Every field of human activity has its peculiar innovation in this age of radical reform. The Fabians and their kin are busy penning their scholarly dissertations; and more humble intelligensia, essays for handbill and pamphlet. The artist folk, in timely appeal to the aesthetic boobery, sanctions and cherishes Armfield's "synthetic drama" and the futurist antics of Marinetti. The reader of the newspapers learns with astonishment that the aeroplane has been successfully adopted by criminals for purpose of escape, and that Trotzky is producing a series of communistic plays which he is forcing the hapless Russians to attend.
A reformation of the English language is now suggested. The construction "it is me" and "he don't" have been commended by Edward J. Tobin, superintendent of the Cook County, III., schools. Mr. Tobin, an individualist of a not unusual type, declares that it is of no value teaching children forms of expression outlawed by "common usage and a sense of good form."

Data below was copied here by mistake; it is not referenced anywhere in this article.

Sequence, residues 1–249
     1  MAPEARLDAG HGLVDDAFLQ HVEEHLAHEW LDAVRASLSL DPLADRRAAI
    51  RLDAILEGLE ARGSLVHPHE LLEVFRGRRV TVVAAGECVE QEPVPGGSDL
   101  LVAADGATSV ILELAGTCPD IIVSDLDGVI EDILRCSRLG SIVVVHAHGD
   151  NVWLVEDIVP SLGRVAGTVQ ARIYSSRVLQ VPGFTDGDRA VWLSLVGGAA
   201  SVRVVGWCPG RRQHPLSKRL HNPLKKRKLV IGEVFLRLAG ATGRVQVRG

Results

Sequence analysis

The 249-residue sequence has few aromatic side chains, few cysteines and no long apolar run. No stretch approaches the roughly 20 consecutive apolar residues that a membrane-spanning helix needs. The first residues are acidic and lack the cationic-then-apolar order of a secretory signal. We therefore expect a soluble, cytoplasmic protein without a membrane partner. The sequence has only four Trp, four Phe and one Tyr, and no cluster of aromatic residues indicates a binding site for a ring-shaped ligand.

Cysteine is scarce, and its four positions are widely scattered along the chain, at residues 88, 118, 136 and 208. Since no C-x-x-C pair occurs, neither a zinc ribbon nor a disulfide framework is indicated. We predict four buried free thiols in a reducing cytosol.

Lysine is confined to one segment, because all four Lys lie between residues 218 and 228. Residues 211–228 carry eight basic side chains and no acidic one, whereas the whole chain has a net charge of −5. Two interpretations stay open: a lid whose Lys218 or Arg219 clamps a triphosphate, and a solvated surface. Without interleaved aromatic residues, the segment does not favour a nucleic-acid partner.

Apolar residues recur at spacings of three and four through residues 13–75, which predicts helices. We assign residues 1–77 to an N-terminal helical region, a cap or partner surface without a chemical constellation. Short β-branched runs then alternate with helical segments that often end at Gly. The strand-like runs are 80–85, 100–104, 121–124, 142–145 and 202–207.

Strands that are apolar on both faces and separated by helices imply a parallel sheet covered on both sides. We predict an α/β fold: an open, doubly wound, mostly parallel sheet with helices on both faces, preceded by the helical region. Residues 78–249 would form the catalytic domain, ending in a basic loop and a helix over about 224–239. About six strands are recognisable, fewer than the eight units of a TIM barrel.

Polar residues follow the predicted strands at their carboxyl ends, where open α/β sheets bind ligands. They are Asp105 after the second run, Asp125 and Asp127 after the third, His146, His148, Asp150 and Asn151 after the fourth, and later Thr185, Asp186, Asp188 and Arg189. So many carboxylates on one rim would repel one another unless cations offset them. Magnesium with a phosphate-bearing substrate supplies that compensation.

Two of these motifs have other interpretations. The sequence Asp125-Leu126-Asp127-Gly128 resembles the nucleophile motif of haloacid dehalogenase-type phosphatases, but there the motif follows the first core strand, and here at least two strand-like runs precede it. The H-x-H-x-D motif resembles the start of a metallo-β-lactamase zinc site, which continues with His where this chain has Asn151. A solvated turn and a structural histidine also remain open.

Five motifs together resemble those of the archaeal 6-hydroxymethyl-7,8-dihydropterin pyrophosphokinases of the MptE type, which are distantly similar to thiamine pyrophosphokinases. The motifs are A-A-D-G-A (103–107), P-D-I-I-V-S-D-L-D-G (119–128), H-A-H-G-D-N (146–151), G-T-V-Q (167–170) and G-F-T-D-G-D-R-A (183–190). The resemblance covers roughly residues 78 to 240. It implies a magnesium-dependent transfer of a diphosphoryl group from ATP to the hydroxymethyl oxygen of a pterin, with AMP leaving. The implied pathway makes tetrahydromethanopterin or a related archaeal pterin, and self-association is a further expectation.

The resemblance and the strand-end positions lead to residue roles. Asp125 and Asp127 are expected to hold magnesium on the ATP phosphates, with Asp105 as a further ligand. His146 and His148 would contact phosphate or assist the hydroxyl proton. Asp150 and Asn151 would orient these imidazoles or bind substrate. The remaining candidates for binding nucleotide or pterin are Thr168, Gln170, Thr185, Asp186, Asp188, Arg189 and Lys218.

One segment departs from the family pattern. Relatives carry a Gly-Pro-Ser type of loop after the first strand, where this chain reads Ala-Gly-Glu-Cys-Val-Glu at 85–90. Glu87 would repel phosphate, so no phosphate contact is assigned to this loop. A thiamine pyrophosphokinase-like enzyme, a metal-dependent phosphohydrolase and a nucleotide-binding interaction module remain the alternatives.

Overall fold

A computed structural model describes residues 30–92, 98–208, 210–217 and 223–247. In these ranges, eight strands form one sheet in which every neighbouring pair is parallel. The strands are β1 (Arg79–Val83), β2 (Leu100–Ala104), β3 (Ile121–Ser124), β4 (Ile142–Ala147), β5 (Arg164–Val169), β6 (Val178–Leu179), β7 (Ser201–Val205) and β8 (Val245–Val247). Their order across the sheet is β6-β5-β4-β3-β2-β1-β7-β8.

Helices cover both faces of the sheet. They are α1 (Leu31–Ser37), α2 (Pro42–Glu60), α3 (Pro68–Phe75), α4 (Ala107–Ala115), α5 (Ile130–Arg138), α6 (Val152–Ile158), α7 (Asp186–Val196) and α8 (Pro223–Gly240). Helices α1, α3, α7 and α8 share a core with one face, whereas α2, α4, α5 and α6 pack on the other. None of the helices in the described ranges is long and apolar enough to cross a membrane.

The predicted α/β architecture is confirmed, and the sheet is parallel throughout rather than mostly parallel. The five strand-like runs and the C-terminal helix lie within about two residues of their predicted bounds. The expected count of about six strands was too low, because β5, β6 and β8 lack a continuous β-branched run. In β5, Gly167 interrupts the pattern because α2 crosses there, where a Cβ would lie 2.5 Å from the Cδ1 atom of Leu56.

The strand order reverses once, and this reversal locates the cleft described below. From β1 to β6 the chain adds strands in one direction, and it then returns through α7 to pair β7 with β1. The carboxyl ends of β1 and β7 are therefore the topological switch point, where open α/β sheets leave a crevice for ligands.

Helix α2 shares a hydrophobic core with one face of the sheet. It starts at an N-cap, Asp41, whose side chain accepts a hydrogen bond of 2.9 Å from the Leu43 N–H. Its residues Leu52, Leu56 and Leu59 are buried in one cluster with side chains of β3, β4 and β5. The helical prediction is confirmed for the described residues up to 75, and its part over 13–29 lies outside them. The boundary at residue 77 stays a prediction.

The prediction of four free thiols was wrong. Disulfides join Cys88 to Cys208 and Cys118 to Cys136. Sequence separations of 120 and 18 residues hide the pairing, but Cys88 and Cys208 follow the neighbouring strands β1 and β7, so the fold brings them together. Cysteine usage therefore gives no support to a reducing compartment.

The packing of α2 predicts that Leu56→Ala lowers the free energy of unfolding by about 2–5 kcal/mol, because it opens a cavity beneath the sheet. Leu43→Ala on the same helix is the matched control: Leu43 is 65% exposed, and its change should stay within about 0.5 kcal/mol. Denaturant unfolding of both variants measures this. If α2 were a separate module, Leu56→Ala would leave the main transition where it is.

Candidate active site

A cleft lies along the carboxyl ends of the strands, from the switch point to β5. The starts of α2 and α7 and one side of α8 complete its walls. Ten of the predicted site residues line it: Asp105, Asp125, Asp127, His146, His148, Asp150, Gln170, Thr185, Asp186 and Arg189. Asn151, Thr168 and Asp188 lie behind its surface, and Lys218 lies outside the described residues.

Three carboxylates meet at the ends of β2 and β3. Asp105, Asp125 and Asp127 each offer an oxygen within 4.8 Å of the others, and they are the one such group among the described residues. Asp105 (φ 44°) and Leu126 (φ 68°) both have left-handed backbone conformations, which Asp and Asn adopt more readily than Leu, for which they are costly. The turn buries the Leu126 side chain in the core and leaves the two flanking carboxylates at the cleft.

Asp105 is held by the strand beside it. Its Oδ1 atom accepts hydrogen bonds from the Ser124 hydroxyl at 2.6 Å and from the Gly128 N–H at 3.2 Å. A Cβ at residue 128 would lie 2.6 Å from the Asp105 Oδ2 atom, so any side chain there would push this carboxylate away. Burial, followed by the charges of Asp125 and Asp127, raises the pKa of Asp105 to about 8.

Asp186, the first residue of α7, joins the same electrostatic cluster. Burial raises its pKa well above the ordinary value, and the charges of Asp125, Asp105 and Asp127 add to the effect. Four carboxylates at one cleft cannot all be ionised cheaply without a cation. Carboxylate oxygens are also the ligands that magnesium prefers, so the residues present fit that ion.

Mr. Tobin should be commended for this wise assertion. By merely indorsing these two phrases (decreed incorrect by arbitrary standards) the citizens of the United States may claim great credit for themselves for their considerable advance toward perfect expression in language. Moreover, professors and literati, who have hitherto gazed haughtily down upon the rabble from the rarified heights of correct speech, would suffer a righteous degradation. Yet it is never too late to learn, and these latter might in time master the new idiom. It would certainly be amusing to hear the ingenuous members of English A rebuked for using "isn't" instead of "aint".